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Family Deals With Aftermath Of HARP Fallout Years Later

More than 10 years ago, our I-Team reporter, Jeni Diprizio first exposed Memphis' home repair program, also known as HARP.
Family deals with aftermath of HARP fallout years later

More than 10 years ago, our I-Team reporter, Jeni Diprizio first exposed Memphis’ home repair program, also known as HARP.

Some of the homes in the program were not repaired correctly or at all. The Federal Government came in and demanded those homes be fixed. The program has since been shut down, but one family, years later, is still dealing with its aftermath and waiting for their home to be fixed.

Why the delay? It’s due to contract issues. The home belongs to Malinda Walls’ mother, who is 92, disabled and on a fixed income. Walls says this is a home repair nightmare that has lasted nearly five years.

Walls has been taking care of her elderly mother, Lillie Daugherty in this home for years and recently the two were placed in emergency housing because of its conditions.

“The roof is now leaking, water is coming down the wall. It smells. You can smell the mold and mildew,” Walls explained.

The home was approved for repairs through HARP back in 2012 but Walls says the work was insufficient.

“When they agreed to do the work they just want to patch. They don’t want to open up where it was really water damage and just fix it,” Walls said.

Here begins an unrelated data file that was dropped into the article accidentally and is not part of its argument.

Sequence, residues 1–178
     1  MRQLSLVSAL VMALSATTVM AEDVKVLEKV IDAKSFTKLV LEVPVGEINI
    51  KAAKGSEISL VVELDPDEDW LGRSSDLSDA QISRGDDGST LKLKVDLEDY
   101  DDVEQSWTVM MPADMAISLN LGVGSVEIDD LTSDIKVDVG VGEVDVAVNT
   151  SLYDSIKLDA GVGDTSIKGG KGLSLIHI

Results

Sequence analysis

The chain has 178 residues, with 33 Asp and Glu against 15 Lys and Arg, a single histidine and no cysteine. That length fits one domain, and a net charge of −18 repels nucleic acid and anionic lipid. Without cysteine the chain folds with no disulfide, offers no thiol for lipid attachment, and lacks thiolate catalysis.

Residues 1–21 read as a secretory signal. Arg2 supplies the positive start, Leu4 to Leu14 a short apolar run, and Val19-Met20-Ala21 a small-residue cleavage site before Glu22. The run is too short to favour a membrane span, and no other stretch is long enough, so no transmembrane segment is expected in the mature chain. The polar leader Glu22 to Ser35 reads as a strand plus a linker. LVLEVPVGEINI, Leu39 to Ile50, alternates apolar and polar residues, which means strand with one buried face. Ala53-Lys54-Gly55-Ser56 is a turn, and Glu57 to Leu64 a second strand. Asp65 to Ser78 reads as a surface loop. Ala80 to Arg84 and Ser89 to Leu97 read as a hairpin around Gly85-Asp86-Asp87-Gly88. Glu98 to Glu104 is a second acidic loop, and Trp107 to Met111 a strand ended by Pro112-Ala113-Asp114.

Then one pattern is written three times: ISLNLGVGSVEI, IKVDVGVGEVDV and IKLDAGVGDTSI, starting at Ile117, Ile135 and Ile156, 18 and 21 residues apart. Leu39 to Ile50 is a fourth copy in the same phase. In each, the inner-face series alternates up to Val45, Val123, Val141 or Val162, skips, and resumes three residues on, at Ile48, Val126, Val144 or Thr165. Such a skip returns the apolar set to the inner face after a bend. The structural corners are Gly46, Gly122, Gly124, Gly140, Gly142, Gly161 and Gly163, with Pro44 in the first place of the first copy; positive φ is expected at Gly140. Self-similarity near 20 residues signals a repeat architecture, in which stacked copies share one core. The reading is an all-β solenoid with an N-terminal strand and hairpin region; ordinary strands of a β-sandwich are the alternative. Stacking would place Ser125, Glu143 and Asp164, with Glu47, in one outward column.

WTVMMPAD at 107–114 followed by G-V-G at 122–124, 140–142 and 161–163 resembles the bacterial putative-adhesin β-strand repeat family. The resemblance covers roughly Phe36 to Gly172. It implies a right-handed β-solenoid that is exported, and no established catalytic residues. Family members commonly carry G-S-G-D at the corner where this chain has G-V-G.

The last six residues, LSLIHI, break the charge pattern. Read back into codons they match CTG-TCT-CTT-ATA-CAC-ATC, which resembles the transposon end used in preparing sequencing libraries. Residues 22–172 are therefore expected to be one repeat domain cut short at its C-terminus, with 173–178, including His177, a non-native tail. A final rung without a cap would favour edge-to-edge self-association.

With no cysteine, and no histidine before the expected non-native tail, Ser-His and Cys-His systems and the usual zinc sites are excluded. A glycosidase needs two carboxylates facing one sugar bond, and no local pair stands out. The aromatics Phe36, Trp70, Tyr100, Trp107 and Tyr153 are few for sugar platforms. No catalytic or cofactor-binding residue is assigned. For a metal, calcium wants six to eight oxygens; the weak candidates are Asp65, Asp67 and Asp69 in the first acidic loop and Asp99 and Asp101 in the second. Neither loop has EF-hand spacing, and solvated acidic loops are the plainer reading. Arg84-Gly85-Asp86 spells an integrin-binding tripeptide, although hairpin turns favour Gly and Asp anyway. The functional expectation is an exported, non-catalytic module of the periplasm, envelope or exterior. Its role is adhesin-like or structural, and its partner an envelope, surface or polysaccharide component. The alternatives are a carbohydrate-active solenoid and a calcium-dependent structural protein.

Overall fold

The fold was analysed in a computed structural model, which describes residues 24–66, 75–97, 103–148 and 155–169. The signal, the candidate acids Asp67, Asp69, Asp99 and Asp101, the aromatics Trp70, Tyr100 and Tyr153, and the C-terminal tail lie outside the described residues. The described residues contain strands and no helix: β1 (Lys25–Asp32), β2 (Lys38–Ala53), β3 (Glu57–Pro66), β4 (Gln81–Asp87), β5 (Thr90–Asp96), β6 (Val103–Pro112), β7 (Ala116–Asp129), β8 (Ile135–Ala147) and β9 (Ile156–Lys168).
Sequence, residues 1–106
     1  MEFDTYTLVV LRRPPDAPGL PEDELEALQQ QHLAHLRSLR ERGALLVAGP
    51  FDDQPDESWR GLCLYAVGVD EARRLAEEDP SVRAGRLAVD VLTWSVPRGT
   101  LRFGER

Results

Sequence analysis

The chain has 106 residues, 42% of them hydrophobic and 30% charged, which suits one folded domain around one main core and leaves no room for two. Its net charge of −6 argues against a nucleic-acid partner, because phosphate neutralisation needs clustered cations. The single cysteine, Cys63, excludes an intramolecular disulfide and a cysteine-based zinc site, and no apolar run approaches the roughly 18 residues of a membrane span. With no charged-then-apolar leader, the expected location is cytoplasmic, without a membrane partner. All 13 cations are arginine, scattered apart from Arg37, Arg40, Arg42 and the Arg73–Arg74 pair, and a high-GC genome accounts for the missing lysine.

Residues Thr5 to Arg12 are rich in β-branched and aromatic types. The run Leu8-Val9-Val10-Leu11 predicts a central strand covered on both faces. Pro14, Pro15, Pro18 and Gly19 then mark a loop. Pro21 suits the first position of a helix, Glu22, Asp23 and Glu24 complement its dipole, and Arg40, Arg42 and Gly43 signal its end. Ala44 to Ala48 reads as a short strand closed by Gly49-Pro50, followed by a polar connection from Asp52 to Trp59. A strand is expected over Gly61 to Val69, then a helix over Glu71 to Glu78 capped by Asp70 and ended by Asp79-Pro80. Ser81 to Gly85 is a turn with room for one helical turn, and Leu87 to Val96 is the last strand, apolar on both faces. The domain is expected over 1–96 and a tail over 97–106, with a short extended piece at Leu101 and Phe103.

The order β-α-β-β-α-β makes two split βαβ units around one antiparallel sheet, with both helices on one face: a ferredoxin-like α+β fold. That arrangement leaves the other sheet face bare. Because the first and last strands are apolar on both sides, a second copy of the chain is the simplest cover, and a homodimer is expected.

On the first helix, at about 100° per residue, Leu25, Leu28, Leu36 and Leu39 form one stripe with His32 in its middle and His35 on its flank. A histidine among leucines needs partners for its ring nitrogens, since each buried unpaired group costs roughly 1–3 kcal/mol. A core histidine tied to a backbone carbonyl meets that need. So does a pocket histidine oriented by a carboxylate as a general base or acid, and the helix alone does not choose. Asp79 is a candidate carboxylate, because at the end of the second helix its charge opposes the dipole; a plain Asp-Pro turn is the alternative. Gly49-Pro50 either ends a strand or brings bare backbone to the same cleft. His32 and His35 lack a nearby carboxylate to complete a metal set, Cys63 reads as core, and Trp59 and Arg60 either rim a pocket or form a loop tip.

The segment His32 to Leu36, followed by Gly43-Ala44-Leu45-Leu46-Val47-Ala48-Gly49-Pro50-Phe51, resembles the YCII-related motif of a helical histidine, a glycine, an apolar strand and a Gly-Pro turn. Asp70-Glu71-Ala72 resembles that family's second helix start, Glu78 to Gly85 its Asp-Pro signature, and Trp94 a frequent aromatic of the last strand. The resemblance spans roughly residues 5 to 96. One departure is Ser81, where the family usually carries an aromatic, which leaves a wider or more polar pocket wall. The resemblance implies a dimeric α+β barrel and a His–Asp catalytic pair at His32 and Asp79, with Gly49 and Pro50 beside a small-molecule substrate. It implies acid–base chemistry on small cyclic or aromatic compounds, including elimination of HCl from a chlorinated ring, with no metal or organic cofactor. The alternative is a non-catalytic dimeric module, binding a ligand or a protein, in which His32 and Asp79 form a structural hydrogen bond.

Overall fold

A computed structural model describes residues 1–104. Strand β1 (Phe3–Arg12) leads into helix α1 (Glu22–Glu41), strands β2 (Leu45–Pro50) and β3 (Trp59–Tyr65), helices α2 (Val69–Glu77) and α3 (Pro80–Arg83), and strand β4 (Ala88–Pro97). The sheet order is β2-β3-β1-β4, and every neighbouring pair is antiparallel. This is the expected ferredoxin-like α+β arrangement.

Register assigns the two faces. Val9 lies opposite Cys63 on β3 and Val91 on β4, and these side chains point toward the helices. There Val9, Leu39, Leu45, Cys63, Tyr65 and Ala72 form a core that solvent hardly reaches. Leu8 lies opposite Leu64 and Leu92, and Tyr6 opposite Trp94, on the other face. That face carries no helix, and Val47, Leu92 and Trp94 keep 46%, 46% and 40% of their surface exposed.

A second contractor came in to fix the problems in 2015 but Walls was not satisfied. Nearly two years later, the ceiling of the bathroom has fallen and there is water in the walls.

“There was a failure of one of the rafters, it’s not necessarily an item that was touched by the contractors, previous contractors but it was something that could be identified from them,” Paul Young, Director of Housing and Community Development in Memphis.

Young says his department tried to get a contract signed to start work on the home, but Walls says that contract does not include problems that have developed since the initial repair.

“If we couldn’t trust you to do it and this is your third time. What makes you think we can trust you now? Put it in black and white,” Walls said.

Young told us any additional issues can be addressed through an addendum to the contract. Walls and her mother have been placed in a hotel and the city has agreed to cover those costs through February 4th.

The project was originally valued at $5,000. Now the work is valued at $36,000. Walls hired an attorney that is helping her with this process.